6 Compelling And Informative Docos To Watch Over Your Break

Good news, guys! We’ve reached the end of 2016. For most of us, a short (or for the lucky ones, long) break from work has finally arrived. It’s time to switch off which, for many, means switching on the television.

While there’s a never-ending list of rom-coms, blockbusters and not-so-real reality TV shows on the Internet to distract us, you can’t go wrong by choosing something that will teach you a thing or two and leave you feeling worldlier than when you pressed play. Spend your leisure time on these six compelling and educational documentaries and we promise you’ll return to work in the New Year with plenty of fascinating water-cooler talk.

#1 Winter On Fire

What started as a peaceful student protest in Ukraine in late-2013 erupted into 93 very long and very violent days. Among other things, President Viktor Yanukovych had gone back on his word to sign a long-awaited trade agreement with the European Union. Against the people’s wishes, he was leaning towards a deal with Russia instead.

Winter on Fire gives a straightforward view of who was fighting, what they were fighting for, and how the violence finally came to an end. This one is not for the faint of heart; it’s as tear jerking as it is intriguing. Ukraine’s struggle is still fresh and Winter On Fire spells out what went down in easy to absorb steps.

#2 The Thread

Media types, Internet nerds and fans of Black Mirror: this one is for you. The Thread tells the story of the hunt for the Boston Marathon bomber, and it’s one of the most interesting examples of “citizen journalism” in the modern age of smartphones, social media and instant information.

The shock and heartache of the bombing is at the core of the film, but The Thread is also about the Internet hysteria that took place during the five-day manhunt for the culprits. Instead of reporting to the police, Boston citizens turned to the internet to share information. The film gives an insight into the role that Reddit and Twitter played, and how this became key in the bomber’s capture.

#3 Searching for Sugarman

If you haven’t seen Searching For Sugarman yet, now is the time. It’s a bit of a slow burn, but please – for heaven’s sake – stick with it. It’s the most heartfelt and bizarre musical journey you’ll ever witness.

Basically, two fans from South Africa are on a mission to find out what really happened to their musical idol, Rodriguez. Rodriguez was a big star in the country in the ‘70s but his life and career were a complete mystery. It was widely believed that the singer died on-stage in the US, but no one knew for sure. Let’s just say they discovered way more than they bargained for. I’ve already said too much. Just watch it please.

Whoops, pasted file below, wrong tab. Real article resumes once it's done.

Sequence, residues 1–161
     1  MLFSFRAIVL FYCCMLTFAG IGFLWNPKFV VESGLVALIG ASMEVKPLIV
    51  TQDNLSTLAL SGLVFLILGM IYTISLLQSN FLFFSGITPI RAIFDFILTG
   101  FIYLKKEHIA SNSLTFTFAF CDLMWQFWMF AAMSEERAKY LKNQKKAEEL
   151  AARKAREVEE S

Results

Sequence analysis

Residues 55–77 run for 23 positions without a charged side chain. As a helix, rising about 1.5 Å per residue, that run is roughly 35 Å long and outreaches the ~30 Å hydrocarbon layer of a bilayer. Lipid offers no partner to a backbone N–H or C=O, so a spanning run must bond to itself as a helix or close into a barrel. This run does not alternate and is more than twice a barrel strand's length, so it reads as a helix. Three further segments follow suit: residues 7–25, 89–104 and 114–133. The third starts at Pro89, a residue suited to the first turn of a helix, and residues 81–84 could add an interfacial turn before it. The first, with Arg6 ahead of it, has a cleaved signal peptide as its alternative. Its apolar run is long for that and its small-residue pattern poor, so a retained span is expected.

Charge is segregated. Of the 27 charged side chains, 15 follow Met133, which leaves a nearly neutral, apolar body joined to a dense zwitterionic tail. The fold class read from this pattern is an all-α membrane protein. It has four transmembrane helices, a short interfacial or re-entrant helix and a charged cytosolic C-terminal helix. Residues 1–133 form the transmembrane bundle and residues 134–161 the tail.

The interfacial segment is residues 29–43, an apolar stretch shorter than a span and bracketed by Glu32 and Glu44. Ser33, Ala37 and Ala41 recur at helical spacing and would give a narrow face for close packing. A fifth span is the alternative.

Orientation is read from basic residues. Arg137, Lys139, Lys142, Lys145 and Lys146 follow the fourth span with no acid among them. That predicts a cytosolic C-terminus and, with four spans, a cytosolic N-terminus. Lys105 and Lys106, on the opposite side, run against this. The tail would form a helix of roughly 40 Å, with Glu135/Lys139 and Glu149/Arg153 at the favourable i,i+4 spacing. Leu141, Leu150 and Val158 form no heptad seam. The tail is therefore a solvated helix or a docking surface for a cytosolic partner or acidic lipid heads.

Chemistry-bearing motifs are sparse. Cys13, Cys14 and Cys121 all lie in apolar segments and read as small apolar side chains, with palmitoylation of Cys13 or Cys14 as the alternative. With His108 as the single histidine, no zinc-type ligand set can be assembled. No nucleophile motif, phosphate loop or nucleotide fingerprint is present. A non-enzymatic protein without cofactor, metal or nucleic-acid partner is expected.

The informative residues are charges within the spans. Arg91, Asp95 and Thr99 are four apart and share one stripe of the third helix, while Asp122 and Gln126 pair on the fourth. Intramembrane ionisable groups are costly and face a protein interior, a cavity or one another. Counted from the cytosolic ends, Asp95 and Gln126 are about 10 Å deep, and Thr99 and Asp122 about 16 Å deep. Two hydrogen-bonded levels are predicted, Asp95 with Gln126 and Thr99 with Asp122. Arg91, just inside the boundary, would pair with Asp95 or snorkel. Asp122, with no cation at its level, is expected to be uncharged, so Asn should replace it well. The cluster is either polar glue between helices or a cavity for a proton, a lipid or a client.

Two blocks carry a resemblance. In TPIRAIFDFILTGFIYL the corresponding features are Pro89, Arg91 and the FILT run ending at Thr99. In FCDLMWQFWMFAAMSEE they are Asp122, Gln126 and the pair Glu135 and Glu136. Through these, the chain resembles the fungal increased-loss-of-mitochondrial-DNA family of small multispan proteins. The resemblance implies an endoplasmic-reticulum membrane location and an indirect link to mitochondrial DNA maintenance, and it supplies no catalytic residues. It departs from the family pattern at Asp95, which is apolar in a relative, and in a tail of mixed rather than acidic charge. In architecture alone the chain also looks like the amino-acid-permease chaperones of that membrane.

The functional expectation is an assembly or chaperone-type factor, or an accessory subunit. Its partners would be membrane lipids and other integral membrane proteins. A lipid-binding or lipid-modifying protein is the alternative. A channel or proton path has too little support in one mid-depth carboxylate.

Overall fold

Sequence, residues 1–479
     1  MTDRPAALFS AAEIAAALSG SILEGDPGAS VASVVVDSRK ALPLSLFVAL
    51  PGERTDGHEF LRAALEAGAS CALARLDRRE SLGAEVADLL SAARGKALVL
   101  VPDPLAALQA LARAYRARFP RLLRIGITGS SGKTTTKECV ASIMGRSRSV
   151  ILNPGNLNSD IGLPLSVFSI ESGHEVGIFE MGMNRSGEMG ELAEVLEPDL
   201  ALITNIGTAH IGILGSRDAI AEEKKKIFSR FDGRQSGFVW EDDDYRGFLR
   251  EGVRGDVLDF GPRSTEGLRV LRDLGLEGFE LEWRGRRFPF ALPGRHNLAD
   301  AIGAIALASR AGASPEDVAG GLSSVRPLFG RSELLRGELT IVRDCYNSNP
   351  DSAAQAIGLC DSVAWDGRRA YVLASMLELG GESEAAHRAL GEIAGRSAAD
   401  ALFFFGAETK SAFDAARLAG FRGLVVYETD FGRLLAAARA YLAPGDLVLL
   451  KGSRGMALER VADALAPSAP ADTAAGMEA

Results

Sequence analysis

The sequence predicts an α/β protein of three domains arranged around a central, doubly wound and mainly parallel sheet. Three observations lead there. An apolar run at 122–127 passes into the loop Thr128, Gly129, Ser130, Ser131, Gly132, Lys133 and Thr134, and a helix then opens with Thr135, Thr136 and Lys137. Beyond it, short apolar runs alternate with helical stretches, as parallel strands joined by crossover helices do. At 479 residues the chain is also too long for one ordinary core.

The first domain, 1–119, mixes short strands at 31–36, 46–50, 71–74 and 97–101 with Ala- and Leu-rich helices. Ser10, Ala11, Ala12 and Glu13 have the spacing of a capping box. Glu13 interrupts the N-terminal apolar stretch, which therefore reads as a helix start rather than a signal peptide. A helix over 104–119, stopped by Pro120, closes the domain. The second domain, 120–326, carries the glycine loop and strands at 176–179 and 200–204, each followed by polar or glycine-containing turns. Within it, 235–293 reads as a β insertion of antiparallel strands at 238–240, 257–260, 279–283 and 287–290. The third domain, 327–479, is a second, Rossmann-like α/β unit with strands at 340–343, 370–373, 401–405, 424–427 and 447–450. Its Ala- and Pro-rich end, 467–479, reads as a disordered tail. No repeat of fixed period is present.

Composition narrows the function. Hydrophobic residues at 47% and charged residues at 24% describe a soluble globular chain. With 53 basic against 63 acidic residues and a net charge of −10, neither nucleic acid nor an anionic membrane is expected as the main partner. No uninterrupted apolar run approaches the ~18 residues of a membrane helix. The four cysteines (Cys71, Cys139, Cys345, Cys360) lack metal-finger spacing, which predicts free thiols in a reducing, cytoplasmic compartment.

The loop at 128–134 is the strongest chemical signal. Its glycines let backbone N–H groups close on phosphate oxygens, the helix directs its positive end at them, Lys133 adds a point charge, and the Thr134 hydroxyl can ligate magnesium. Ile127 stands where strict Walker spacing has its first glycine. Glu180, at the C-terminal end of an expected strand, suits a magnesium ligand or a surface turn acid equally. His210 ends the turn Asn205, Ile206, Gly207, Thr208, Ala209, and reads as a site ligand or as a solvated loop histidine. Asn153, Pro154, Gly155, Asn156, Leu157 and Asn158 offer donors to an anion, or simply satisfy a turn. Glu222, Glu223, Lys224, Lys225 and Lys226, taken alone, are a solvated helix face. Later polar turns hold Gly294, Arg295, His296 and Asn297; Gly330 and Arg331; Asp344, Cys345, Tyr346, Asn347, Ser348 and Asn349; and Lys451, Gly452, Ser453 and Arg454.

#4 For Those Who Feel The Fire Burning

Don’t be deterred by the subtitles or by the fact that it’s narrated by the ghost of a dead man. For Those Who Feel The Fire Burning is abstract and a little bit spiritual, but that just adds to the charm.

The Dutch-made movie is a fly-on-the-wall view of the current European refugee crisis. It tells the stories of individuals and their struggles to reach the safety of the Mediterranean. Don’t expect to be left with any glowing feelings about humanity’s virtues here.

#5 Uprising

In a similar vein as The Thread, Uprising takes a highly emotional political event and explains it in depth with relatable personal stories along the way.

The Egyptian Revolution took place not that long ago (2011) and for the first time in world history, it was Facebook being used to rally support and organise protests. The people of Egypt had been suffering through widespread poverty, unemployment and corruption for over 30 years, but with Facebook at their disposal, thousands of young people were able to overturn a world leader. Monumental.

#6 Cuba: The Forgotten Revolution

Production-wise, this doco is a little dry to say the least, but what it lacks in imagery it more than makes up for in storyline.

In the wake of Fidel Castro’s death, check out Cuba: The Forgotten Revolution. This film has the potential to rewrite the history books of Cuba. Its focus is on two lesser-known Cuban visionaries who may have been just as instrumental in the 1950’s liberation as Castro himself.

Kate is the summer editor of The Cusp. She gets by in life as a publicist but finds time to regularly contribute to The Cusp and AWOL. Follow her travels on Instagram @katermac and Twitter @krmcc.